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Inside Teaching : April 2011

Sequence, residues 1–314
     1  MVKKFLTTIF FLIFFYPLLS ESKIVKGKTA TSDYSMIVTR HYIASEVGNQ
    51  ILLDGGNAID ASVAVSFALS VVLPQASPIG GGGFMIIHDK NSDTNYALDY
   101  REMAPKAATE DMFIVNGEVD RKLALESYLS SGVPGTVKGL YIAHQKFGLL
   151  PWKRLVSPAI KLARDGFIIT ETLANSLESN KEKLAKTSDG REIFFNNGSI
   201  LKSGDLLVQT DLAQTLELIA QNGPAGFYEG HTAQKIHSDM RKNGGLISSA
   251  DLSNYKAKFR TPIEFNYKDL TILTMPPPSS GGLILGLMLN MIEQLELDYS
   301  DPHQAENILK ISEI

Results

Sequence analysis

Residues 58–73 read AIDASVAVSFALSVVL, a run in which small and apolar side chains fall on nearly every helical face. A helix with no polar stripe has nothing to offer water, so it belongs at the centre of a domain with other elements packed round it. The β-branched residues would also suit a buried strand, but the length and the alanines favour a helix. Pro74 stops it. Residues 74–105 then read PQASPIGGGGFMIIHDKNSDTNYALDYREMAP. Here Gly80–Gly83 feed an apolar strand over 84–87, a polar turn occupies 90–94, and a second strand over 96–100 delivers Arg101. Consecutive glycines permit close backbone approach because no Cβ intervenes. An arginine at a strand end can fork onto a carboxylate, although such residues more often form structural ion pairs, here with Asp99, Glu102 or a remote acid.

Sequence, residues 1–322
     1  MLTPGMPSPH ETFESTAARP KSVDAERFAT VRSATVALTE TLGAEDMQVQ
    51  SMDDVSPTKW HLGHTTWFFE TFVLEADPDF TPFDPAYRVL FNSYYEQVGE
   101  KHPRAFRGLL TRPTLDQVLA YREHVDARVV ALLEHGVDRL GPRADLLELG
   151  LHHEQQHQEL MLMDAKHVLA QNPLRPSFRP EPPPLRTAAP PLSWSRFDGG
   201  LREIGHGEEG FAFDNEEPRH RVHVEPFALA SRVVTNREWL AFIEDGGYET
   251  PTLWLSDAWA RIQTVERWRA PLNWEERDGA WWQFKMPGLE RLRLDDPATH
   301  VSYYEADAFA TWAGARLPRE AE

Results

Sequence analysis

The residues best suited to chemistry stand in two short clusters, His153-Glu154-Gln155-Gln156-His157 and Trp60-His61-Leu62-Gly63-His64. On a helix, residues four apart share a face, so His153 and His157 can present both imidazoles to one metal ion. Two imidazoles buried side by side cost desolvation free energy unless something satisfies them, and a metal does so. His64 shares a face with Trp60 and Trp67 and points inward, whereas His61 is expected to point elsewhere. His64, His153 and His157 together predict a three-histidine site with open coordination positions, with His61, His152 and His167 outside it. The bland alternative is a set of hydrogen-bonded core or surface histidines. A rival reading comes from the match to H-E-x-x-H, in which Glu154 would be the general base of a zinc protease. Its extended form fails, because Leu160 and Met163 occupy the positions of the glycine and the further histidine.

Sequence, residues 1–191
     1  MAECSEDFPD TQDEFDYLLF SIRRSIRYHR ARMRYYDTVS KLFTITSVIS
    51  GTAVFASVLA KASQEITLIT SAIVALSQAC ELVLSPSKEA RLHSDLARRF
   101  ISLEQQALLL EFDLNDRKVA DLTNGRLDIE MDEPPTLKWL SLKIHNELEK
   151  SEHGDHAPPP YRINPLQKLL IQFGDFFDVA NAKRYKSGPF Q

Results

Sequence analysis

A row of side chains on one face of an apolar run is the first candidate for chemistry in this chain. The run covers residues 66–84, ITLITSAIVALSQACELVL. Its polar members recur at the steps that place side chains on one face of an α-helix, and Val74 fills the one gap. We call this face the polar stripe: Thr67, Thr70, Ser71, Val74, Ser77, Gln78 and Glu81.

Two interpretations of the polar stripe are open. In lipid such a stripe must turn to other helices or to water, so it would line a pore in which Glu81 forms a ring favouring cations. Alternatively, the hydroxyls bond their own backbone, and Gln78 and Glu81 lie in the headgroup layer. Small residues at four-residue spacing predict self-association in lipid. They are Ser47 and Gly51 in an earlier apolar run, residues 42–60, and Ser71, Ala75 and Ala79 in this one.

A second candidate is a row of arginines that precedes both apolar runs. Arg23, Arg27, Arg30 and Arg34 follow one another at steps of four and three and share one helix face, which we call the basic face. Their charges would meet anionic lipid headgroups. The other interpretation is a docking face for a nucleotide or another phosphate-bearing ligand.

Inside Teaching | April 2011 FEATURE 8 Jay-Z also donated his book Decoded to every student in the school, including the 2010 graduating Year 12 class, and provided copies for the library. Winfrey then invited Canterbury Boys High School staff and students to join the audience for her live show at the Sydney Opera House. Footage from Jay-Z’s visit to the school was shown on big screens. ‘It was great,’ Jay-Z told Winfrey. ‘I see myself in their eyes, people from difficult circumstances. I believe in opportunities.’ Winfrey continued to thrill the students and staff at Canterbury Boys High School by announcing that in addition to the special visit from Jay-Z, Hewlett-Packard (HP) and Microsoft would provide the school with computers and software valued at $1 million. The technology The companies will provide each student with an HP Notebook personal computer (PC) with Microsoft Windows technology, plus HP Beats Audio software created by HP in partnership with Dr Dre and music producer Jimmy Iovine. Each teacher will also receive a Notebook PC, to help them manage and develop lesson plans and effectively monitor student progress. The school’s library will receive 15 HP Touchsmart Desktop PCs, each with a large touchscreen that allows for fingertip swiping, tapping or dragging. The school music room will receive an HP Envy 14 Beats Edition Notebook PC, the first by HP built specifically with music in mind and engineered to maximise the audio experience. The music room computer will run Beats Audio. The impact With one computer each, the students will benefit from having more interaction than was previously possible in a shared computer lab. The Beats Audio technology will help them integrate their study with activities that they are passionate about, such as music. And because the teachers also receive notebooks, the school can now update the way that teaching, homework and day-to-day lessons are run. Research indicates that ICT is a beneficial teaching tool, with some studies suggesting that integrated technology in the classroom increases students’ concentration, reinforces motivation and facilitates both the development and the autonomy of students. The new technology will benefit the entire school community, according to principal Leslee Mitton. ‘It is exciting for both teachers and students to have 21st- century technology at their fingertips,’ says Mitton. ‘We also expect that it will transform learning for families as they can all access the technology and harness it to their needs from the kitchen table at home,’ she says. The computers will be rolled out at the school after the Easter term break. ‘Once students have become au fait with their new notebooks – possibly after 30 seconds! – we plan to pose a few challenges for individual students and classes so that they can showcase their new learning. Students will possibly be given a term to research and create their project to present at a technology showcase in the following term,’ Mitton explains. She says the school will invite representatives from HP and Microsoft back to see this showcase and to decide which group or individual best meets the criteria set for each challenge. ‘Naturally, we are thrilled to bits at the generosity of all those involved in making this happen,’ Mitton says. ‘We have to move away from a pen-and-paper world into an online world and these gifts make that possible.’ Darren Needham-Walker is the Chief Marketing Officer for Hewlett- Packard Personal Systems Group, South Pacific (Australia and New Zealand). Pictured, Polly Dunning and students at Canterbury Boys High School. Photo © Newspix/Tracee Lea.